Avoiding Bad Hires with Employee Assessments
Posted by Aoife Gorey on the Profiles International blog on Tue, Jul 29, 2014
Have you ever made a bad hire? Most of us have. I was speaking to a previous boss of mine recently, and we were reminiscing about the time we worked together, our coworkers, our strategy, and what we would have done differently.
One of the first things she said to me was that she wished she had spent more time and effort on her hiring process. We remembered one particular individual that we both worked with; let’s call him John.
John had all the right credentials: an impressive resume, a charismatic smile, and enthusiasm to boot. He was hired for a director’s position, and my boss was excited to have such a promising candidate as part of our team.
Within two months, it was obvious that John wasn’t the right fit for the position. He was experienced in his field, but not suited to a leadership role. He was aggressive with employees, rude, and consistently slacked off around the office. He assumed that because of his new title, he didn’t have to do as much work as others. He inappropriately fired multiple employees without following our disciplinary procedures, and was just an all-round nightmare in the office.
My boss tried to work with him, help him be more effective, and train him on how to manage people… but alas, it was a waste of time. He wasn’t the right fit for the job. Needless to say, he was let go, caused a scene, and the company was stuck yet again severely needing a new director.
Poor hiring decisions have high costs. Despite the negative impact around the office- like the one John brought on- there are hiring and onboarding costs, and time wasted managing poor-performing employees. One of the most common reasons for bad hiring decisions is that managers fail to give proper attention to the employee selection process.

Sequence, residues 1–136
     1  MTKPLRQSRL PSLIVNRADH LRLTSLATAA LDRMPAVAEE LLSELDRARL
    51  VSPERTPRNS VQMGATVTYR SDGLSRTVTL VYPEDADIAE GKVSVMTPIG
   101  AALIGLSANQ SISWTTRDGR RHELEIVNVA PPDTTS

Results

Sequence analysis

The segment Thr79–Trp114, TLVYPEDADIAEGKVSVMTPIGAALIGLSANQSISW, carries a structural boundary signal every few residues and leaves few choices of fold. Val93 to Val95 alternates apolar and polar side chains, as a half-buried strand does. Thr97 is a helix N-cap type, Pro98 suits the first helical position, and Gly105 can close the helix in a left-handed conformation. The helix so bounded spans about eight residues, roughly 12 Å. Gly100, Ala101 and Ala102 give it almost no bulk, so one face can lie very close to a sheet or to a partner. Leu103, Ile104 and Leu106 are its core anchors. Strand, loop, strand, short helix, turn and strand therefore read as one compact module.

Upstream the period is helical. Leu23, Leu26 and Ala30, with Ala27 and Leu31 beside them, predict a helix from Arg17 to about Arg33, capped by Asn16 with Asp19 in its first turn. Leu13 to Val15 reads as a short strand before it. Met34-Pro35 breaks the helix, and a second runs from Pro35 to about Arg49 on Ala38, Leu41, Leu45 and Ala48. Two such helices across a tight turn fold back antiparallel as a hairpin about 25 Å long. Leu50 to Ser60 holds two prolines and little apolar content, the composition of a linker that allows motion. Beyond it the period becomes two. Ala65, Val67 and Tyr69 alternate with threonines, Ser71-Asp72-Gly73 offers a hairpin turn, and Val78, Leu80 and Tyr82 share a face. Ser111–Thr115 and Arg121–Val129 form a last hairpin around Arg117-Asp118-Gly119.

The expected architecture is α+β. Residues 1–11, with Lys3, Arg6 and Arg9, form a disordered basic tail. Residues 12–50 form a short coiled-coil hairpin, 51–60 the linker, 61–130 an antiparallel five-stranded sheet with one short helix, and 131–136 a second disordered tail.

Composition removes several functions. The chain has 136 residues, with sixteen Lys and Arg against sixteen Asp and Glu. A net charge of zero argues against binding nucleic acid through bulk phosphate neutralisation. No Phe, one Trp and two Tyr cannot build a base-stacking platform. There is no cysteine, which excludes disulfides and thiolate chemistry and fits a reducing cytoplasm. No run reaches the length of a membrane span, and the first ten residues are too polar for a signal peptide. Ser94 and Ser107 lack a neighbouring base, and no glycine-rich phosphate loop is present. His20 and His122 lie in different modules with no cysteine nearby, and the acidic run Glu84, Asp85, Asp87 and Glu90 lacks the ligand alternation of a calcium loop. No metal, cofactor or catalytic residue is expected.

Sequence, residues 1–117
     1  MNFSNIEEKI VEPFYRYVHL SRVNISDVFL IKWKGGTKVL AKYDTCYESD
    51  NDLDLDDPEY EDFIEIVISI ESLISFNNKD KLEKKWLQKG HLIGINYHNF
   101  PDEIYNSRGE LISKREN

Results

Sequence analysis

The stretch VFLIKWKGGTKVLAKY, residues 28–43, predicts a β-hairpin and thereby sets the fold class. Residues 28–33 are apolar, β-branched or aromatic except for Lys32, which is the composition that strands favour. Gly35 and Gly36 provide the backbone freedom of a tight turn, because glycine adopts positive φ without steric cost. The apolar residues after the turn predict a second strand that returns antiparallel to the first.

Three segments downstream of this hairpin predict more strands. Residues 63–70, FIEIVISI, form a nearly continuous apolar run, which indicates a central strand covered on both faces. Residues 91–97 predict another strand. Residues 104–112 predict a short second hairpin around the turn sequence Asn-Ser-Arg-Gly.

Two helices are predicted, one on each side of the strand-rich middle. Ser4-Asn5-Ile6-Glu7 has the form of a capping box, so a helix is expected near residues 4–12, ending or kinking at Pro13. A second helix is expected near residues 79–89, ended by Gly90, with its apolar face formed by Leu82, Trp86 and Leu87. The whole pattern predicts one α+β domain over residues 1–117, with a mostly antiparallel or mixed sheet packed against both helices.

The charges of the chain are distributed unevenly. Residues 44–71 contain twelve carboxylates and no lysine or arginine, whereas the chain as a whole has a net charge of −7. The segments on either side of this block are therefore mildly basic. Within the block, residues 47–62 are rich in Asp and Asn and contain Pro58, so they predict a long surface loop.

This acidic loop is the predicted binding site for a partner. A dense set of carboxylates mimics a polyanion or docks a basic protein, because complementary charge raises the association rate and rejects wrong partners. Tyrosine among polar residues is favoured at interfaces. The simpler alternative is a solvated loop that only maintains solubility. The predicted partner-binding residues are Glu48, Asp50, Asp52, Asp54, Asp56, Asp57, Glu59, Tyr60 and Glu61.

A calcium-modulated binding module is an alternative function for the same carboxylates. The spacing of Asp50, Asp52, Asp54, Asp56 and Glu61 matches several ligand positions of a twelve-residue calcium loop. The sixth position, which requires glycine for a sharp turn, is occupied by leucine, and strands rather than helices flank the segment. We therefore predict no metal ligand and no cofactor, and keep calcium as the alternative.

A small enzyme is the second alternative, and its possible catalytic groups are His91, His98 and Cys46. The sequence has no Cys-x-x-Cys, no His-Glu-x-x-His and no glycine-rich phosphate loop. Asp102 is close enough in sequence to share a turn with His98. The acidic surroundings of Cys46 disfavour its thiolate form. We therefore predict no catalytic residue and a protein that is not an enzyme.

Assessments are a useful tool to ensure that you are giving the hiring process the time, objectivity, and analysis it needs. There are many different styles of assessments. When used in the right sequence, they can be extremely helpful in employee hiring. Here are five ways assessments can help you avoid bad hiring decisions. Employee assessments:
1. Help you determine job fit
Wouldn’t it be great if you could predict if a prospective candidate could do a job well? Wouldn’t it be better if you could evaluate if they will love a job and succeed in that role? Employee assessments help you do this. Based on behavioral traits, interests, and aptitude, they help you keep a narrow focus on the responsibilities of the job. In a nutshell, you evaluate your top performing employees and create a benchmark/performance model to evaluate your prospective candidates against.
2. Help you remain objective
John was a friend of a friend of the owner’s. Networking is important in today’s workforce, but far too many people get jobs because they are a friend or relative of an employee. When candidates are given priority due to their connections, hiring managers tend to be more lenient about making sure the candidate has the aptitude and skills necessary to do the job. Taking a pre-hire employee assessment benefits the company by avoiding a potentially unsuitable hire. It also keeps the candidate from accepting a job where he or she may not be successful.
3. Help you align talent and business needs
Just as every employee is different, so is every business. Some place more importance on an innovative workforce, while others care more about particular hard skills. Hiring managers need to know what skills contribute most to the success of their companies. Assessments can help managers eliminate candidates that do not have the critical skills the company needs to move forward.
4. Help you learn how to better manage your employees
One you have a pre-screening employee assessment in place, you should utilize a performance assessment. This will help you understand how to best motivate and manage employees with various personalities.
Bad hires happen all the time. Assessments can help you move candidates along the employee selection process based on skills and job fit, the two most important factors to employee success.
Don’t hire someone like John.